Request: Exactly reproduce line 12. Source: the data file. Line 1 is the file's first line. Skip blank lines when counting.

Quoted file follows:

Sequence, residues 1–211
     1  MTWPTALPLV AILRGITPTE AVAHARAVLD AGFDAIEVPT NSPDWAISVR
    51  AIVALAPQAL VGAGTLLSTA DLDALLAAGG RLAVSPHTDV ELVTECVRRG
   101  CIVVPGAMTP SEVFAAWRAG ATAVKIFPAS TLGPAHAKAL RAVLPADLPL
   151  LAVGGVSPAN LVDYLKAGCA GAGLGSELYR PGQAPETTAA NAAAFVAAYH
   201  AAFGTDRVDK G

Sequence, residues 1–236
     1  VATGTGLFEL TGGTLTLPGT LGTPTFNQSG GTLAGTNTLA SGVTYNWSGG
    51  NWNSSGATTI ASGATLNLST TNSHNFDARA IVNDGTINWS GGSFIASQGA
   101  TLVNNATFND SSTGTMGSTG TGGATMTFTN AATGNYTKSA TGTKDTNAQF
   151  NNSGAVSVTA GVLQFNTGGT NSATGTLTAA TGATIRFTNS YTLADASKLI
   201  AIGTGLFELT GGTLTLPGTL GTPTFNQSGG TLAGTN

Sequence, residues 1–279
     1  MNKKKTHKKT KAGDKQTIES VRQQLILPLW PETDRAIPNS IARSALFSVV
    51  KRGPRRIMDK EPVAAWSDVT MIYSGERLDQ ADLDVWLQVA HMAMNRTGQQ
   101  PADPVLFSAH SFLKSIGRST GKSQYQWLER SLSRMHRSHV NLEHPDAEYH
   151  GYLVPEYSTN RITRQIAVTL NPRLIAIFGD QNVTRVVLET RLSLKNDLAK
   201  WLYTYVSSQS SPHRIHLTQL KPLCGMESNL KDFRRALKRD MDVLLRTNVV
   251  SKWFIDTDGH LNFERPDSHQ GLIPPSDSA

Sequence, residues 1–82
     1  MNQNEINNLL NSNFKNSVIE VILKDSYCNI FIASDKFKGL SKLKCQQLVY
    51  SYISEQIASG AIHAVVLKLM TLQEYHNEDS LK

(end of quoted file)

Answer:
   201  AIGTGLFELT GGTLTLPGTL GTPTFNQSGG TLAGTN